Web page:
Friday, 4 December 2009

Last days fencing and ki ken tai

The fencing course culminates with a competition with the rest of the club. This includes fun atmosphere and prize giving so I was fairly relaxed about going along, despite not having actually fought anyone for real!
It was quite a liberating experience for me as when I have been to martial art competitions I'm always a little anxious about technique, remembering stuff, wanting to do well and not let myself down. These all buzz around my head so calming them is a process which takes up energy. Last night at the fencing tournament however I didn't mind at all! Everyone sees you are a learner due to the blue plastron beginners wear and I had nothing to prove. I went along to see how sword combat would be and to maybe get a few points on other fencers, which I did.
One thing to remark was how tired I was after each bout. I'm sure this was because I didn't really know about the correct and most efficient way to fence, but also maybe because I was lunging too much. I think more astute and experienced fencers don't need to lunge and this takes up a lot of energy. Also I was probably chasing the hit a little too much- I couldn't rely on sitting back, parrying and riposting as my technique wasn't developed enough.

My fights ended against M, a tall left-handed fencer who was very able and who thrashed me soundly with me scoring only one point on him. Afterwards in the pub he told me he'd been working on his footwork a lot which improved his fencing. He found that this could free up his mind to work on the 'point' work and bringing these two together, he said, really improved his game: foot and point working in unison. I couldn't help chipping in to add that ki ken tai (breath/spirit or shout, sword and body) was a similar concept in kendo and other striking arts. Bringing together the spirit of the attack (the raw will of the attack) with the body movement and footwork together with the strike of the weapon (be it sword or fist) gives a unity and firmness to the offence. Ki is sometimes considered as the shout or kiai and in some martial arts if the kiai is not present the point is not scored.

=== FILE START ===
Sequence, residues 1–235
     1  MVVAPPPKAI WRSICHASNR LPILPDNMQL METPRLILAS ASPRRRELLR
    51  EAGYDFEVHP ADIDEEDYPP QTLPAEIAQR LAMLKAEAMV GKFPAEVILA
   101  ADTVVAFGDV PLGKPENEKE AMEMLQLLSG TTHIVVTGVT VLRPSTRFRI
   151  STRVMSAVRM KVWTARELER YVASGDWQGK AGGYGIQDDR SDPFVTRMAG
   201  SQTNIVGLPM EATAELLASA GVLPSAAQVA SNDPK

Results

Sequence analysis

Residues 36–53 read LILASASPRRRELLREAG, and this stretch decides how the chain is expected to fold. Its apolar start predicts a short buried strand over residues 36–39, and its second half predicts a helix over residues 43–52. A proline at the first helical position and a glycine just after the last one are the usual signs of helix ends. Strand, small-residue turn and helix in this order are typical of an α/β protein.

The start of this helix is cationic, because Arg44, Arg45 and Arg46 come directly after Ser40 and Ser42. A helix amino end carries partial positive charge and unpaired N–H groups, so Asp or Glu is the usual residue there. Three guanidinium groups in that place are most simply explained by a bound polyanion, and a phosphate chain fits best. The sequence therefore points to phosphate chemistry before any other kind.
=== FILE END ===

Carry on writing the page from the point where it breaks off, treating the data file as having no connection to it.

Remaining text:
This concept is important on a physical level as it improves the structure of the given attack but also on a philosophical level makes the strike more complete. Movement within a traditional martial art is considered more correct if these three elements are present. This is particularly pertinent within kata or hyung practice when intent, focus and body movement are essential.


Sue C said...

Sounds like a fun course. I suspect good footwork is key to any type of competition sparring. Bad footwork definitely detracts from my sparring ability as I'm often wrong footing myself and losing scoring opportunities! We have to kiai to score points. Doesn't matter how great the punch or kick - no kiai, no point!

Littlefair said...

Ha ha...that's my mantra when I'm coaching too,, "No kihap, no point!"

Maybe we should get tattoos....